Novel – Get Rid of Glenda.

In Jack Fringe’s satirical novel “Get Rid of Glenda”, the eponymous Glenda Nail is the monstrous head of HR at Silvermax Television. Ruling through manipulation and bullying, Glenda embodies the worst excesses of corporate dysfunction. When Peter Silver inherits control of the once-great network after his uncle’s scandalous death, he faces the herculean task of rebuilding the creative spirit while fending off Glenda and her entrenched cabal of corruption. But how can you get rid of the HR Manager?

Glenda wrote a pilot for a TV Program on management. It never went to air. “It’s her teeth,” the producer said. “There is no way we can put her on TV.”

The plot centers around Peter’s efforts to reform Silvermax with the aid of a colorful cast of allies, including his partner Tek, the irrepressible secretary Deborah, and the plucky producer Oonagh. But Glenda and her sordid cohorts, including the lecherous news director Lance Bellows and the fraudulent weatherman Charles, scheme to undermine the new regime.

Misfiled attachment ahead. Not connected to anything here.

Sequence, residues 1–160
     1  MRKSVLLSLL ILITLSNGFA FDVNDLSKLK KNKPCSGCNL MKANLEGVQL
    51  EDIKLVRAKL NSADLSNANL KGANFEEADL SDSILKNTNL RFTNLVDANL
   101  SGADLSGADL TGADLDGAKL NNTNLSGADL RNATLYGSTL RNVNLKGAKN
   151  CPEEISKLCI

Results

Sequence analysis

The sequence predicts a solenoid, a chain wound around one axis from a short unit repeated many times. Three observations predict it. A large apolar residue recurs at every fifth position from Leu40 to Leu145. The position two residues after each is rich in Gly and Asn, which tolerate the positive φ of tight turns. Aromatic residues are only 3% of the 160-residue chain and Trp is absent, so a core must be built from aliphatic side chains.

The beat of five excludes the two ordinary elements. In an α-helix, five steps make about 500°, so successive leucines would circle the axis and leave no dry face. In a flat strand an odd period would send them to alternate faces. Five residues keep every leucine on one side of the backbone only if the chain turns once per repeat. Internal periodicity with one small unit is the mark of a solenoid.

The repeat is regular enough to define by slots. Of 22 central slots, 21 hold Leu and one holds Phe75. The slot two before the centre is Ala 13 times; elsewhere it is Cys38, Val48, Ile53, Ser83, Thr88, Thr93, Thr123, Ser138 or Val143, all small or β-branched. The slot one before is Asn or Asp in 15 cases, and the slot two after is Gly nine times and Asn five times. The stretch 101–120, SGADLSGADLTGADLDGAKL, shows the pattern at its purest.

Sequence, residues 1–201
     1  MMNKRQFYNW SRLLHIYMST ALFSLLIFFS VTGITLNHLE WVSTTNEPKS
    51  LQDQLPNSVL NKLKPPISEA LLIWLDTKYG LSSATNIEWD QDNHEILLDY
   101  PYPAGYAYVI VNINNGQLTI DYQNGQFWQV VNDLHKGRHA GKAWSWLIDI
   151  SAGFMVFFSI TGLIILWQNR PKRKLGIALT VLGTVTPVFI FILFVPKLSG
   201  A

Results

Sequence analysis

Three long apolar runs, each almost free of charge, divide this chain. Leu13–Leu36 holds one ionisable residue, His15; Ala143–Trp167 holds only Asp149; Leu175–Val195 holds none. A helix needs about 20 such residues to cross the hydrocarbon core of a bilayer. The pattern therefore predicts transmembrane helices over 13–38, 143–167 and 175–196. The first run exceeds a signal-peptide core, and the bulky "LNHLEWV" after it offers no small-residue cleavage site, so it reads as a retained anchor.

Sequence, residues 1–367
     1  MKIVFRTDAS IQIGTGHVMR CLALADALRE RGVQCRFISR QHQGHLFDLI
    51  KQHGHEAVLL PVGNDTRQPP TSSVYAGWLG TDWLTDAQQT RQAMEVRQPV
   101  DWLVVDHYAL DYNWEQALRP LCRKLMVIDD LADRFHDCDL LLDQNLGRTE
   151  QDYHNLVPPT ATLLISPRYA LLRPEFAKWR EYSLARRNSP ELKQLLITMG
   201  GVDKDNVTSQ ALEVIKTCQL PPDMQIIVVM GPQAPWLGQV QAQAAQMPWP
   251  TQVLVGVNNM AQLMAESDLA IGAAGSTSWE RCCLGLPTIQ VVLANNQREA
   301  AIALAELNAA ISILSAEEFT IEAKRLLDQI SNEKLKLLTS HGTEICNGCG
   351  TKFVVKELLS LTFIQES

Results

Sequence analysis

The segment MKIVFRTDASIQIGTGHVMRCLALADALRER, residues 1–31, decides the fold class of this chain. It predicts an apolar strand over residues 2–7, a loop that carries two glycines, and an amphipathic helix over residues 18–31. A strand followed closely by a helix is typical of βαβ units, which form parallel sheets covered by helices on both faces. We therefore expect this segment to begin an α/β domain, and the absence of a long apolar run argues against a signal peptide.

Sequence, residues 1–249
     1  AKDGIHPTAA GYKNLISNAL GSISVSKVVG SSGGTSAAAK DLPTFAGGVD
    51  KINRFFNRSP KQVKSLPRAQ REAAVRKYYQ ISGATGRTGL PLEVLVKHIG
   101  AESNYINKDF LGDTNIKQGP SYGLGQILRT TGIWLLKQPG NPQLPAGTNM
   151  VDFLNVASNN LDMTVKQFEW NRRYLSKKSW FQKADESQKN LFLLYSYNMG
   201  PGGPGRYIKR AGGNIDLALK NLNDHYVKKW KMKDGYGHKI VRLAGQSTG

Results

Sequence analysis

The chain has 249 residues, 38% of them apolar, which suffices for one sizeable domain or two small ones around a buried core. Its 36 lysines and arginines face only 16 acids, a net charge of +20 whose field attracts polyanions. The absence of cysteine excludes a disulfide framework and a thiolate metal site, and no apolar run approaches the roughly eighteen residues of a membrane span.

Fringe keeps the action moving at a madcap pace, piling on the outrageous scenarios and sharp quips. The dialogue snaps with cutting wit as the larger-than-life personalities collide. Beneath the laughs, the novel skewers corporate culture at its most inept and unethical. It’s a scathing but humorous takedown of egos run amok.

While the tone occasionally becomes a bit broad and bawdy, Fringe succeeds in crafting an entertaining farce with an undercurrent of justice. We can’t help but root for the flawed but likable heroes as they struggle to vanquish the wicked Glenda and her minions. In the end, we pray that karma prevails in fitting fashion.

“Get Rid of Glenda” is an amusing, fast-paced lampoon that will especially resonate for anyone who has ever endured a toxic workplace. With its quirky characters and absurdist situations, it’s an promising debut novel from Jack Fringe. The monstrous HR manager is an archetype many will recognize, and the novel’s over-the-top exploits offer a cathartic release from the daily grind.

CONTENT GUIDANCE. Please be aware that this is a tragicomedy. Some of the characters’ language would not be tolerated in certain worlds. Not suitable for children.